I have two major regrets from my weight-loss journey. The first was my all or nothing approach to food.   If I made a bad choice- then I would just chuck the whole day. I would essentially say “screw it” to making good food choices for the rest of the day… because I had already gone and messed it all up with ONE bad choice earlier on. That type of thinking allowed me to be a victim to the “accident/cheat/slip-up”, and lets be honest, I never tripped and fell face first into a pizza, I made an active choice to eat it. This rationale also alleviated me of any responsibility to practice self-control for the rest of the day. This bullshit set me back over and over again.

The second major regret was waiting so long to get into the gym- I wanted to wait till I had lost “enough” weight so that I wouldn’t be the “fat girl” and I would better fit in and fly under the radar. This type of thinking is SO SO bullshit on so many levels:

  1. That thinking means that the current gym members must be assholes and would look down on me for doing the exact same thing they did… join a gym to get results.
  2. Lifting heavy weight and following a training program is THE fastest way to ignite your metabolism and lose body fat… you know- the results I wanted.
  3. I was intimidated because I knew that I couldn’t perform the way I imagined the members inside the gym could. And I was right. But by not joining- I only confirmed that fact and delayed my own success indefinitely.


Here’s the thing- I know it takes a lot of guts to dress up and show up at a gym, especially in the beginning… you don’t know anybody, and you don’t know what to do- and everything feels weird and uncoordinated. You can do yourself a world of favors by hiring a personal trainer ahead of time. By hiring a trainer you can make sure that you not only perform exercises safely and correctly… but it also means that you’ll have a friendly face there too.

Here’s the thing… I think that we listen to the bullshit, like what I listed above, in order to keep ourselves safe. The reality is that we are all just very fragile, delicate souls. We don’t want to reach out and make profound change- because it could mean that we have to be really uncomfortable for a while. It could mean that our friends will be critical, or maybe even distance themselves from us… or coworkers may take potshots at your new “fanatical” ways. Making change would also mean that we have to shrug off our safe/damaging habits… which would leave us alone and defenseless to some dark parts of ourselves that are scary to confront. In fact- I can almost promise that there will absolutely be some really gnarly junk that you are going to have to address… after all, you haven’t been listening to bullshit for all this time, for no reason have you?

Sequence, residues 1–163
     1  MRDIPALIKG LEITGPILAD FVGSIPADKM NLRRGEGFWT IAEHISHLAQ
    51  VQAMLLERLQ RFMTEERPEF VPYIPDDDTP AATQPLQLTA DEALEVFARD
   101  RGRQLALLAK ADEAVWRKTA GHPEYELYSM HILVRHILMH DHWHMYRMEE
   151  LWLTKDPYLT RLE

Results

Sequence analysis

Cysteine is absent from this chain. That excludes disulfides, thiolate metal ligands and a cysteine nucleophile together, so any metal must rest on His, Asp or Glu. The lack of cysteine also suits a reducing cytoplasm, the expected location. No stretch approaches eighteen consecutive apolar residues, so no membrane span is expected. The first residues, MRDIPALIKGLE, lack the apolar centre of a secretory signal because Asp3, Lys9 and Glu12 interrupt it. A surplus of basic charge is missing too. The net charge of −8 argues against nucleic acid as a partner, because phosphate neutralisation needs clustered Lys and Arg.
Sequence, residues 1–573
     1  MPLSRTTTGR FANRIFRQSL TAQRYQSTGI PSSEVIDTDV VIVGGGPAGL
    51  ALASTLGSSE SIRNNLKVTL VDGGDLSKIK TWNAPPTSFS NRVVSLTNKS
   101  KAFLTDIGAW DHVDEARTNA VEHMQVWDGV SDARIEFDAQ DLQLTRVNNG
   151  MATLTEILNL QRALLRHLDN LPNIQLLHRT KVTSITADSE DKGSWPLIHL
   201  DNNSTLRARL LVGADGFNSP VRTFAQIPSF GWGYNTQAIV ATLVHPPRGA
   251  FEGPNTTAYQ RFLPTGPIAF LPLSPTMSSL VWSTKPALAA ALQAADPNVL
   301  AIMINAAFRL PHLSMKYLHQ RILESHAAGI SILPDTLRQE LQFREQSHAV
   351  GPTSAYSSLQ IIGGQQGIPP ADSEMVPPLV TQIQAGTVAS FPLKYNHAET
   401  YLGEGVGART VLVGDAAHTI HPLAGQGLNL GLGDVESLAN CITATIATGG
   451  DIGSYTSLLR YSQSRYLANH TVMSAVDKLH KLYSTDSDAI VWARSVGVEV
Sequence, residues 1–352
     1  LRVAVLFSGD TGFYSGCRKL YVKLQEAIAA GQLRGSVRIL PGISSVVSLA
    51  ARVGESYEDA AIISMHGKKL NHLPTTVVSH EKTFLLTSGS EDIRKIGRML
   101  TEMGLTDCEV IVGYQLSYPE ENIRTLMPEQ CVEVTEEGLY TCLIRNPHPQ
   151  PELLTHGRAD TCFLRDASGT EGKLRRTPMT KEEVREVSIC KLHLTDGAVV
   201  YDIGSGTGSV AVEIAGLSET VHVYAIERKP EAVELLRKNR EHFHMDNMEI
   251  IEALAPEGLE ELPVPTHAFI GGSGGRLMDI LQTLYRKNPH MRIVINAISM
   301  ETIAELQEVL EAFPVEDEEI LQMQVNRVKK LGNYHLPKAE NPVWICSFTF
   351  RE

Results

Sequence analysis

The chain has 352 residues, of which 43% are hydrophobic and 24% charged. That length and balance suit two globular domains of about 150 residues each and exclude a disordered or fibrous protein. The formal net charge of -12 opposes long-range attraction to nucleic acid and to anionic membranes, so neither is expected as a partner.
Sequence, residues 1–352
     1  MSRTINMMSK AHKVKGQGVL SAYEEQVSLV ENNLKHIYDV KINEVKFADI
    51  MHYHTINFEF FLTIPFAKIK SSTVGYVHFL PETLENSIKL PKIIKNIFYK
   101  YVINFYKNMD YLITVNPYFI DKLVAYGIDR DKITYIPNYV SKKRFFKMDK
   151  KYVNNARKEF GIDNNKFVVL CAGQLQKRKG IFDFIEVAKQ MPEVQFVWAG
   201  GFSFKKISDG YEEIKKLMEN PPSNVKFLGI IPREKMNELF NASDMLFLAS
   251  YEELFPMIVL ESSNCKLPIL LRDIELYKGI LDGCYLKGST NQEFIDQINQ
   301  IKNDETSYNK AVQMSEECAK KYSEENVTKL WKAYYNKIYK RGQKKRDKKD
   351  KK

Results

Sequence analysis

There is good news though y’all. Once you start ignoring bullshit, and deal with the real issues that lie beneath… there is happiness, balance, and incredible peace on the other side. It’s not all unicorns and butterflies 24/7… But you begin to recognize all that old bullshit when you see it, and you tell yourself to quit listening. You start defending your inner peace and happiness like your life depends on it- because frankly… it DOES.

So what’s it going to be? Are you going to keep denying yourself your very own happiness… just sloshing along through a fog of a life? Or are you going to call out the BS, shrug it off, deal with it… and claim the goals and dreams that have been sitting here waiting for you all this time?

Much Love,


January Shiflett, RKC is a personal trainer, kettlebell instructor, obstacle course racing coach, and resident smart-ass at Maximum Body Training in Cartersville Georgia.   You can contact her for classes and training opportunities at


Remember that right arm... it'll be relevant later.

My final race for this season was the Fall Savage Race at Moonlight Stables in Dallas Georgia.  This event was billed as “The Race Built to Kick Your Ass”, it promised 6 miles worth of gnarly trails and intense obstacles that have a reputation for getting in your head-  with freezing ice baths and high jumps into watery graves.  I was originally set to run this event with a team- but between spinal surgeries (my racing partner), and a general chickening out by hardened MMA fighters… I was running this bad boy solo.

THE OBSTACLES:  As I was driving on to the property there were really only 3 things on my mind- Shriveled Richard, Davy Jones Locker, and Colossus. These are 3 are just a couple of Savage’s Signature Obstacles- a quick description of each:

Just go to your warm happy place.

Just go to your warm happy place.